Registration of trials is essential to ensure all results are publicly available and that ethical obligations to participants are met. Recent evidence of selective reporting of results has eroded public and academic confidence in publications of clinical trials, leading to renewed calls for trial registration. The rationale for registering trials is well known (Box 1). Most importantly, the contribution to social good that justifies research on human participants is not realized when resulting knowledge remains invisible.
The Canadian Institutes of Health Research hosted an open meeting on 4 October 2004 in Ottawa, Canada, to foster international consensus on trial registration. The resulting Ottawa statement issued by the International Committee of Medical Journal Editors (ICMJE) aims to establish internationally recognized principles for registration (1, 2) as a follow-on to the Trials Registration Policy issued in 2004 (3).
Summary of principles
The mandatory registration of all trials has three components:
• Obtaining an internationally unique identification number (unique ID)
• Registering the original protocol along with subsequent amendments
• Registering the trial results.
Key principles Registering all types of trials: Protocol information and results from all trials related to health or healthcare - regardless of topic, design, outcomes, or market status of interventions exam-ined-should be registered and publicly available.
Timing of public release of protocol information: The public should have cost-free access to the Unique ID, minimum protocol items, and consent forms prior to participant enrolment. Registered amendments should be made publicly available as they occur.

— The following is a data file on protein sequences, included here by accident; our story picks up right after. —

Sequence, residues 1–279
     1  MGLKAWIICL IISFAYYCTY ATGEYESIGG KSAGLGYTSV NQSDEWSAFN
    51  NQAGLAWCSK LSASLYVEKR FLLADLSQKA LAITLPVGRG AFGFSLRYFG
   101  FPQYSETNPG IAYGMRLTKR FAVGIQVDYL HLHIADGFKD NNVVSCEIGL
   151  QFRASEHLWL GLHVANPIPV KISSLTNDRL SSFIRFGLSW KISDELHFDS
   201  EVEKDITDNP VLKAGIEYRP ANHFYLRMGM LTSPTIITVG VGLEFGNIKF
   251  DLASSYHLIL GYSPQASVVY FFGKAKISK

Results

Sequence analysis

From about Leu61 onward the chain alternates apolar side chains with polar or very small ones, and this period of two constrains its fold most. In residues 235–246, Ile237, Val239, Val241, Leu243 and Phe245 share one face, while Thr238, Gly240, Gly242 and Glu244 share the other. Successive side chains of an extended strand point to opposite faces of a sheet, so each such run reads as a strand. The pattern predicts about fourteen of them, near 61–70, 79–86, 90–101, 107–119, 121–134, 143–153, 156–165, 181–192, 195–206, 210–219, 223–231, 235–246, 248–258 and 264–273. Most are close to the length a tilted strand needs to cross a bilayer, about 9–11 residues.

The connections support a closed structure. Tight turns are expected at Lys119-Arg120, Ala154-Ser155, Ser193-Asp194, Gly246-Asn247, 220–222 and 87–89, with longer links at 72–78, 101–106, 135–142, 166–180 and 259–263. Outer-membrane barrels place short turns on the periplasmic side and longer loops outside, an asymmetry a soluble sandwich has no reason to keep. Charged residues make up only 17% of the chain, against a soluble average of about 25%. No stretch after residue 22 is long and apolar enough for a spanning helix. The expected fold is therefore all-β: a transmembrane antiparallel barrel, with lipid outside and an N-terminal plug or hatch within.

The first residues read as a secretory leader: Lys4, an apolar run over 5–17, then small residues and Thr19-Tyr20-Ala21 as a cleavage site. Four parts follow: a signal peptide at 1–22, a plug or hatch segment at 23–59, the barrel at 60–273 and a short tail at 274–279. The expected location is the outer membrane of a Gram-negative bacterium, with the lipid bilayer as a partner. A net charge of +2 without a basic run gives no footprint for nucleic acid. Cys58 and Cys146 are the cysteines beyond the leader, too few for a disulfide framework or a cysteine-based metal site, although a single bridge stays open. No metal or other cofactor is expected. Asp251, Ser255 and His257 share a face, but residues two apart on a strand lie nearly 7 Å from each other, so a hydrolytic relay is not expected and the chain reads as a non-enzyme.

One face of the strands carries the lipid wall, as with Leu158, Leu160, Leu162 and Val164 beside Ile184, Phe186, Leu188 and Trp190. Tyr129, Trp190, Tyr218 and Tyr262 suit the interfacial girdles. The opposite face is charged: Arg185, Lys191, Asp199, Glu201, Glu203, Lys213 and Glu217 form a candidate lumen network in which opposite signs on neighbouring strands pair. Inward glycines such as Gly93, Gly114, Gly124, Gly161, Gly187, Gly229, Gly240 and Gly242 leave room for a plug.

Box 1: Rationale for registration of clinical trials
• Respect the investigator-participant covenant to contribute to biomedical knowledge by making trial methods and results public
• Provide global open access to information
• Reduce unnecessary duplication of invested research resources through awareness of existing trials
• Assure accountability with regard to global standards for ethical research
• Enable monitoring of adherence to ethical principles and process
• Increase the reliability and availability of evidence on which healthcare decisions are based
• Improve trial participation
• Increase opportunities for collaboration
• Ensure transparency of trial design and methods
• Provide open review of protocols to improve trial quality and refine methods
• Provide means for identification and prevention of biased under-reporting or over-reporting of research
• Accelerate knowledge creation
Registering unpublished results: At a minimum, results for outcomes and analyses specified in the protocol (as approved by the institutional review boards/independent ethics committees) as well as data on harms, should be registered regardless of whether or not they are published.
1. Krleza-Jeric, K, Chan, A., Dickersin, K. et al. Principles for international registration of protocol information and results from human trials of health related interventions: Ottawa statement (part 1). British Medical Journal, 330: 956-958 (2005). http://www.bmj.com
2. De Angelis, C., Drazen, J.M., Frizelle, F.A. et al. Clinical trial registration: a statement from the International Committee of Medical Journal Editors. Annals of Internal Medicine, 141: 477-478. (2004) and http://www.icmje.org
3. Selective reporting and clinical trial registration &Trials registration policy. WHO Drug Information, Volume 18, Number 4, page 278-280 (2004).